Animal rights group calls for change in zoo policy
Caroline Nasella and Sarah Holmsen of the animal rights group
In Defense of Animals prepare for a vigil at the San Francisco
Zoo in memory of both Carlos Sousa and Tatiana, and to call for
change in zoo policy.
Photos by John
January 4, 2008
Animal rights advocates said Thursday that they plan on asking
the San Francisco Board of Supervisors to hold hearings to determine
whether there should be policy changes at the San Francisco Zoo.
Fred Rabidoux, a minister of the Unitarian Universalist Church
in San Francisco, said during a vigil at the zoo, that large animals
should not be kept in zoos.
"Why are we subjecting these animals to such unnatural conditions?"
asked Rabidoux. "The right thing to do is to respect the
right of each animal to live its life in surroundings that nature
put it in. Being captive and held in a confined space is not sufficient
to reverse its wild character."
Elliot Katz, founder and president of the animal rights group
In Defense of Animals (IDA), said that the zoo has a history of,
"letting people provoke the animals," by taunting them
repeatedly in "public feeding spectacles."
"They tell people to come into the lion house and see them
feed the tigers, and see them growl and get all excited,"
The vigil was held in memory of both Tatiana and Carlos Sousa,
who was mauled to death by the tiger after it had escaped from
its grotto. Tatiana was shot and killed when police arrived on
Katz says the zoo should stop public feedings.
"To me, that contributed to the exacerbation of the anger
that Tatiana had against people, being taunted like that literally
everyday," said Katz. He says zoos must adopt the mindset
of a "haven", or "sanctuary" that places the
quality of life of its' animals above public entertainment and
Katz says wildlife experts plan to visit the zoo and give their
assessment to the Board of Supervisors.
According to IDA, the recent killing incident is only the most
extreme tragedy in a long list of problems at the zoo due to poor
management. They list incidents starting in 1997.
That year the City allowed the zoo to be privatized, turning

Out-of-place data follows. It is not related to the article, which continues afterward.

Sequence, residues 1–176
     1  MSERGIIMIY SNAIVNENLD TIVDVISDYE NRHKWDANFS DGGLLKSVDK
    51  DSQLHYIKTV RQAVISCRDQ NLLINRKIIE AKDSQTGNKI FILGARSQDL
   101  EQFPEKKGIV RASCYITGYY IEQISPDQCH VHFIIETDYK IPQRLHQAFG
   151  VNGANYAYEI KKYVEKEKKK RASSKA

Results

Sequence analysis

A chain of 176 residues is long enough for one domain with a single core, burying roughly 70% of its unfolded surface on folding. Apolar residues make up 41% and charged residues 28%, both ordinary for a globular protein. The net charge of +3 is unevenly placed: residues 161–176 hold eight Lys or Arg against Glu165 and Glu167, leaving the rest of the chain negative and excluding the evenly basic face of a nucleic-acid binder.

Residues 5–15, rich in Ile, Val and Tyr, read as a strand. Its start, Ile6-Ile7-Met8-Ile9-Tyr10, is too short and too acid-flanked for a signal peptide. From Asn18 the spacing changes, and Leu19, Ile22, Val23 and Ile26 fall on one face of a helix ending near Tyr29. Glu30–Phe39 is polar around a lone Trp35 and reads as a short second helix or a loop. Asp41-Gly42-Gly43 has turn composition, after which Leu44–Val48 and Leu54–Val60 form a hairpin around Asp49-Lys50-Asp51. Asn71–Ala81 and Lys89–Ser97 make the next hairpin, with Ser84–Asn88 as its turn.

management over to the San Francisco Zoological Society, a private
In 2004, the zoo neglected an elephant crisis that saw the death
of three elephants within a year due to inhumane conditions, conditions
that included enclosures of less than a quarter acre of land for
the elephants to live in, and forced elephants to stand on hard,
compacted surfaces, leaving them with inadequate exercise, joint
degeneration and foot problems.
The San Francisco Board of Supervisors unanimously passed a resolution
in 2004 urging the Zoological Society to relocate three surviving
elephants to an animal sanctuary. In the end, only one elephant
survived. The other two elephants died.
Since then two African antelopes have been killed by another
antelope, two black swans have died of shock, a dozen penguins
died from disease, and a hippopotamus died a day after being moved
to a temporary exhibit.
And in 1997 a $48 million bond measure was passed to improve
conditions for animals at the zoo. IDA claims the Zoological Society
used the money for "people amenities" such as a café
and a gift shop.
Richard Schulke, former president for the Animal Control and
Welfare Commission of San Francisco, says the zoo has lost experienced
workers since the Zoological Society took over management ten
"The Zoological Society really has to concentrate on making
money in order to continue," Schulke said. "A lot of
the money originally went into the infrastructure of the zoo to
make it nicer for people, and not for the animals. I still worry
that it's more concerned about making money than they are about
Schulke says profit-driven motives have resulted in zoo workers
having less experience.
Richard Schulke and Elliot Katz